Portraits that tell stories and change lives
I have always been that guy who easily falls in love with things. I still remember when I got my first computer and was finally able to access internet from home. That moment, a world of possibilities had opened up for me and I could study more about things that interested me like programming, design, and photography.
From that time on, I started to develop a special passion for writing and photography, and sought to insert them in my everyday life. Then, this passion led me to study advertising in university and become an advertising copywriter. Later, it was the same passion that made me ask for resignation from my job to work with that I love at most: female portraits.
In 2014, after get in university, I had news that Claudia Regina would come to my city to do a workshop about Affective Direction. She was a photographer who inspired me a lot and it was through her website, “Dicas de Fotografia” or Photography Tips, that I could learn the technical part of this kind of art. So, when I signed up to her workshop, I confess I was not aware about the content she would discuss, but the possibility to talk in person with her, I liked it a lot.
A long time passed and I didn’t had the chance to apply what I had learned in that workshop, so I was almost giving up of photography. That was when I started a relationship with Rayanne, a woman who awakened in me the sensibility to see life in another perspective.
That time she was facing depression and before we start dating, she asked me if I really wanted go through that delicate situation with her. I was afraid, but very willing to try it, so I was honest with her and decided to enter into her universe.
If you ever had the chance to live with a person who has depression, you know all problems linked to this disease. That moment, I had to become a more comprehensive and sensitive person, opened to conversations and listenings, without judgments.
Because she didn’t want a conventional treatment with medication and psychological counseling, I became one of the people that she trusted at most and was comfortable to talk about her feelings.
During this time, while she was getting better, I was searching for ways to cheer her up. Photography was one of those, specifically portraits. So, when I started to portray her, I had already listened, felt and get involved into her universe. It was like she was inside of me and I was feeling her pains, desires and yearnings. Slowly, I was understanding what Claudia had told me, it was all about empathy.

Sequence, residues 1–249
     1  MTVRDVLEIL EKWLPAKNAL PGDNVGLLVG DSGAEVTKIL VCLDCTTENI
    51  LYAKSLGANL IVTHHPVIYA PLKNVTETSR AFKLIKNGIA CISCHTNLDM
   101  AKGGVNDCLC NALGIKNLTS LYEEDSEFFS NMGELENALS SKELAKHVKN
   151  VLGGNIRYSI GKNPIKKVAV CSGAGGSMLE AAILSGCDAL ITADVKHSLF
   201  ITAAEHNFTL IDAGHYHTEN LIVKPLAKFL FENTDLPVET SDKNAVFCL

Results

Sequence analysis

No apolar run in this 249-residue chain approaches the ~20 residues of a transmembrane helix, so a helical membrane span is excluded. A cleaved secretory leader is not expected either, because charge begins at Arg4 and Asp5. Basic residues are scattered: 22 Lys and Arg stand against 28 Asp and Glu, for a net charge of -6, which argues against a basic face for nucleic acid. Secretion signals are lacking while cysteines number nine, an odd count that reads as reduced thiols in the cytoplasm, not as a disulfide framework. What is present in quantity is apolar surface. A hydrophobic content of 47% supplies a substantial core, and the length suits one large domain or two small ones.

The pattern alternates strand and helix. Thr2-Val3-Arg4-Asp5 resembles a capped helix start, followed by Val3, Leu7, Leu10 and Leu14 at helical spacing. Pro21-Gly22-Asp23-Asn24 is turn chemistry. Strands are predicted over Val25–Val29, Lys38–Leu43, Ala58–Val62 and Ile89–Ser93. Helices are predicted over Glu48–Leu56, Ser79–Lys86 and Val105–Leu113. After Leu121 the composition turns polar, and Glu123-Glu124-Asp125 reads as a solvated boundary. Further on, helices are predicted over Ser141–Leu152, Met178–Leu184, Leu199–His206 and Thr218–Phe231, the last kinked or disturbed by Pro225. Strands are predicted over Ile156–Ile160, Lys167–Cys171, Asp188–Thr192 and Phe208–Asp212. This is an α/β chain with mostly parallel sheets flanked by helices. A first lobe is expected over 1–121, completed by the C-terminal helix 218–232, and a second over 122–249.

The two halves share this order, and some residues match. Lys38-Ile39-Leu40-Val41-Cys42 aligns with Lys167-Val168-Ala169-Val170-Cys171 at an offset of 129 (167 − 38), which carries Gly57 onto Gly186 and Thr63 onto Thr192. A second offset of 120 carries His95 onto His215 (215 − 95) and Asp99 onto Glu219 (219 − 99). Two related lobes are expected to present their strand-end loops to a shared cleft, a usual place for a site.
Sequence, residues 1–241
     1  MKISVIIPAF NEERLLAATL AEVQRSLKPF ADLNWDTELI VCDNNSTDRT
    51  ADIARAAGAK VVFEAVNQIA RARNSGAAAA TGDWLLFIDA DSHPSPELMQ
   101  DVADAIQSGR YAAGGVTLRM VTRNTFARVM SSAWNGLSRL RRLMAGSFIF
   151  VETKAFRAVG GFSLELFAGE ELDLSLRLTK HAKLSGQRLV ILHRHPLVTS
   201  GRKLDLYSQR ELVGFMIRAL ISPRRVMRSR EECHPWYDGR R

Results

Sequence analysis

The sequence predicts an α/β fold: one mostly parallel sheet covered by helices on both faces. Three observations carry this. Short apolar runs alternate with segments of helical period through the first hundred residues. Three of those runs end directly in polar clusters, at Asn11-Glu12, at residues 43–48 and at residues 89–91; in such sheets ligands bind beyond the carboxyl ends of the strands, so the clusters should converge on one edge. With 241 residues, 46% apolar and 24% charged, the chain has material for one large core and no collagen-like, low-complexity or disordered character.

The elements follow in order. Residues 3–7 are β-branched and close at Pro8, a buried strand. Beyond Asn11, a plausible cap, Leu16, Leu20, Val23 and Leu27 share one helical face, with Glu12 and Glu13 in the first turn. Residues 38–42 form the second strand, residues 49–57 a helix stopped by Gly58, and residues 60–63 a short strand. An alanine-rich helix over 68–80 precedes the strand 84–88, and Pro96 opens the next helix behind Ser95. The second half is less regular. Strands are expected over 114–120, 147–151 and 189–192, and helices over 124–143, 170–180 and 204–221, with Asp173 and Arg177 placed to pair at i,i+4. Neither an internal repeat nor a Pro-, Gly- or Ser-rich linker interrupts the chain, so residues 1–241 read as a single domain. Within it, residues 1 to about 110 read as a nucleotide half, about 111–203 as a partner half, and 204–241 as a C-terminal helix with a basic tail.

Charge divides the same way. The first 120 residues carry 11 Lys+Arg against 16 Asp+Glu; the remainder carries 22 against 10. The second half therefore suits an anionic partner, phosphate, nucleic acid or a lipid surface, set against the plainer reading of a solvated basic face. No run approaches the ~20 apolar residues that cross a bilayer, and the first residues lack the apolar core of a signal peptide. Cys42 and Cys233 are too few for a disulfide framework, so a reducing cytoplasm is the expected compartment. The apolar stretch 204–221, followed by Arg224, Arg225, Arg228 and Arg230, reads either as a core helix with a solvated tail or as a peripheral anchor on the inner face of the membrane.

Trying to develop even more my work with photography, I started my final project to conclude my course of Advertising, it was called “RETRATA-SE”. In a brief explanation, it’s basically a portray that represents and tells a history.
During this journey, I started to give more value to the moment I was with the model. I use the time I’m in her company to get know her better and what it goes through her mind, her emotional loads, dreams, desires and history. Everything that helps me to shape a proper composition to her reality.
To me, the most important thing in a portray it is the sensibility of a soul. I’m not too technical when I speak about photography and I like practicality to do what really matters, that it’s giving recognition to things.
When I bought my first Fuji and started to portray with it, I realized that my concern with the equipment decreased. Reducing the size of work tool increased my capability of connection with the other person’s reality. With this, I became more confident and could extend this feeling to my way of direct.
“My name is Davi Cavalcante, I’m a Brazilian photographer of female portraits, student of Advertising and Marketing, frustrated musician and a poet who lives to transform life in poetry.”